She stopped to glance in the direction of their hut, which was just visible in the distance: it looked like a tiny raft, floating upon a river of poppies. The hut's roof was urgently in need of repairs, but in this age of flowers, thatch was not easy to come by: in the old days, the fields would be heavy with wheat in the winter, and after the spring harvest, the straw would be used to repair the damage of the year before. But now, with the sahibs forcing everyone to grow poppy, no one had thatch to spare—it had to be bought at the market, from people who lived in faraway villages, and the expense was such that people put off their repairs for as long as they possibly could.
When Deeti was her daughter's age, things were different: poppies had been a luxury then, grown in small clusters between the fields that bore the main winter crops—wheat, masoor dal and vegetables. Her mother would send some of her poppy seeds to the oil press, and the rest she would keep for the house, some for replanting, and some to cook with meat and vegetables. As for the sap, it was sieved of impurities and left to dry, until the sun turned it into hard akbari afeem; at that time, no one thought of producing the wet, treacly chandu opium that was made and packaged in the English factory, to be sent across the sea in boats.
In the old days, farmers would keep a little of their home-made opium for their families, to be used during illnesses, or at harvests and weddings; the rest they would sell to the local nobility, or to pykari merchants from Patna. Back then, a few clumps of poppy were enough to provide for a household's needs, leaving a little over, to be sold: no one was inclined to plant more because of all the work it took to grow poppies—fifteen ploughings of the land and every remaining clod to be broken by hand, with a dantoli; fences and bunds to be built; purchases of manure and constant watering; and after all that, the frenzy of the harvest, each bulb having to be individually nicked, drained and scraped. Such punishment was bearable when you had a patch or two of poppies—but what sane person would want to multiply these labours when there were better, more useful crops to grow, like wheat, dal, vegetables? But those toothsome winter crops were steadily shrinking in acreage: now the factory's appetite for opium seemed never to be sated. Come the cold weather, the English sahibs would allow little else to be planted; their agents would go from home to home, forcing cash advances on the farmers, making them sign asami contracts. It was impossible to say no to them: if you refused they would leave their silver hidden in your house, or throw it through a window. It was no use telling the white magistrate that you hadn't accepted the money and your thumbprint was forged: he earned commissions on the opium and would never let you off. And, at the end of it, your earnings would come to no more than three-and-a-half sicca rupees, just about enough to pay off your advance.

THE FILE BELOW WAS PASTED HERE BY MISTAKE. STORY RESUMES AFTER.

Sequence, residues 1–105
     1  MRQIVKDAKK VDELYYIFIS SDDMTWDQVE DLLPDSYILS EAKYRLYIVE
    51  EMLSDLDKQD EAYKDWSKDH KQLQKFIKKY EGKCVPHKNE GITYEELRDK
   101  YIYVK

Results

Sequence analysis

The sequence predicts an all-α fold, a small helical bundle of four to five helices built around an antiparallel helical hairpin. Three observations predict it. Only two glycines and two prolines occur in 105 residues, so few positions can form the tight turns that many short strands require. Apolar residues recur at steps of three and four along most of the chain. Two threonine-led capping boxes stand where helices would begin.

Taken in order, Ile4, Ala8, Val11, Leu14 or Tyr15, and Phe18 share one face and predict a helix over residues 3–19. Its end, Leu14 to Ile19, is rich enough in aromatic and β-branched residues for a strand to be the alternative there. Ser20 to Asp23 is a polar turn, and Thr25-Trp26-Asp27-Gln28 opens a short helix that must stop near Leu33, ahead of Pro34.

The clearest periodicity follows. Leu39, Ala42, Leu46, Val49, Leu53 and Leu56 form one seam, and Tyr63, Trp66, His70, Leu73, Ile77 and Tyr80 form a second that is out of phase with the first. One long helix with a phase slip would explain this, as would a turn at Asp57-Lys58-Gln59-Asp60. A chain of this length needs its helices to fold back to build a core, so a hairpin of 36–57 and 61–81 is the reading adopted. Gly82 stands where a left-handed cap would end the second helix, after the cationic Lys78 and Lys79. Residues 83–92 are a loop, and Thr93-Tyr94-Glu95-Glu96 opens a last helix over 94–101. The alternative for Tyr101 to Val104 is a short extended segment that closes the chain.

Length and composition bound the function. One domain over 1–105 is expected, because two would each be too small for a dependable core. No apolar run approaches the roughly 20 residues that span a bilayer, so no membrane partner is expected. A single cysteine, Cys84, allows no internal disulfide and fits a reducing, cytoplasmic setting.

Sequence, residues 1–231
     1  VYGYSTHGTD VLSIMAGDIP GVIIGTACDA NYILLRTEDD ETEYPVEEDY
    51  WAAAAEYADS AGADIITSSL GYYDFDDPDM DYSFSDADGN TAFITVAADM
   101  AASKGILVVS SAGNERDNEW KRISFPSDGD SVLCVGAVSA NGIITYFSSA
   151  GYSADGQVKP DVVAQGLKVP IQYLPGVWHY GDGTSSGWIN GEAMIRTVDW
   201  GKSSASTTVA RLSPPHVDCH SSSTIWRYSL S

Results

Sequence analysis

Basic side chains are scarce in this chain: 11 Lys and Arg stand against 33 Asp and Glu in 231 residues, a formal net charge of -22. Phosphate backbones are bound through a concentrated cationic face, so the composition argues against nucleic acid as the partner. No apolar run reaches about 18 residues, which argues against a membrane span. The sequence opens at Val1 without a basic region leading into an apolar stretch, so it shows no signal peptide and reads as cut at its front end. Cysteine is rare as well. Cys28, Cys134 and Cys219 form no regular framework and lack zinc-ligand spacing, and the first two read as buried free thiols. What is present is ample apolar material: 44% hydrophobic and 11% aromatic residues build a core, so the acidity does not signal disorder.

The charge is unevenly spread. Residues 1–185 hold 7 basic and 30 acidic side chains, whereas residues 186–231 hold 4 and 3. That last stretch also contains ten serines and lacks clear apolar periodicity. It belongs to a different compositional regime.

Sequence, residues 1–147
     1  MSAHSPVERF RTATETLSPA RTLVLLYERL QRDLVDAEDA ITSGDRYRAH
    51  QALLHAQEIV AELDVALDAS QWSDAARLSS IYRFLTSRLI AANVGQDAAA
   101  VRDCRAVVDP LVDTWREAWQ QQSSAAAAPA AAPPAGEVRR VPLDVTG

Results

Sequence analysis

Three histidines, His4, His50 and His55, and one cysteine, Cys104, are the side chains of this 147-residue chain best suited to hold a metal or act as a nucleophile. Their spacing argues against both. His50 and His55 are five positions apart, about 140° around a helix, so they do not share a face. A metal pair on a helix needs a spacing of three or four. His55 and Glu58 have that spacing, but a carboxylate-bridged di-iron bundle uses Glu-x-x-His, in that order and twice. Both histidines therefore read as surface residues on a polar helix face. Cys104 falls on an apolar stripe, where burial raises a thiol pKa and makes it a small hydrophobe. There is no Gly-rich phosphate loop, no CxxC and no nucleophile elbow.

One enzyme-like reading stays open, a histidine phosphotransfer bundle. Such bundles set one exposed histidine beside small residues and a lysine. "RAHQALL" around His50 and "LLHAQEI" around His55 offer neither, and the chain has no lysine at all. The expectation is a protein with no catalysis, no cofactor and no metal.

Reaching down, Deeti snapped off a poppy pod and held it to her nose: the smell of the drying sap was like wet straw, vaguely reminiscent of the rich, earthy perfume of a newly thatched roof after a shower of rain. This year, if the harvest was good, she would put all the proceeds into the repairing of the roof—if she didn't, the rains would destroy whatever was left of it.
"Do you know," she said to Kabutri, "it's been seven years since our roof was last thatched?"
The girl turned her dark, soft eyes towards her mother. "Seven years?" she said. "But isn't that when you were married?"
Deeti nodded and gave her daughter's hand a squeeze. "Yes. It was..."
The new thatch had been paid for by her own father, as a part of her dowry—although he could ill afford it, he had not begrudged the expense since Deeti was the last of his children to be married off. Her prospects had always been bedevilled by her stars, her fate being ruled by Saturn—Shani—a planet that exercised great power on those born under its influence, often bringing discord, unhappiness and disharmony. With this shadow darkening her future, Deeti's expectations had never been high: she knew that if she were ever to be married, it would probably be to a much older man, possibly an elderly widower who needed a new wife to nurse his brood. Hukam Singh, by comparison, had seemed a good prospect, not least because Deeti's own brother, Kesri Singh, had proposed the match. The two men had belonged to the same battalion and had served together in a couple of overseas campaigns; Deeti had her brother's word that her prospective husband's disability was a minor one. Also in his favour were his family's connections, the most notable of which consisted of an uncle who had risen to the rank of subedar in the East India Company's army: on his retirement from active duty this uncle had found a lucrative job with a merchant house in Calcutta, and had been instrumental in finding good posts for his relatives—it was he, for instance, who had procured a much-coveted job in the opium factory for Hukam Singh, the groom-to-be.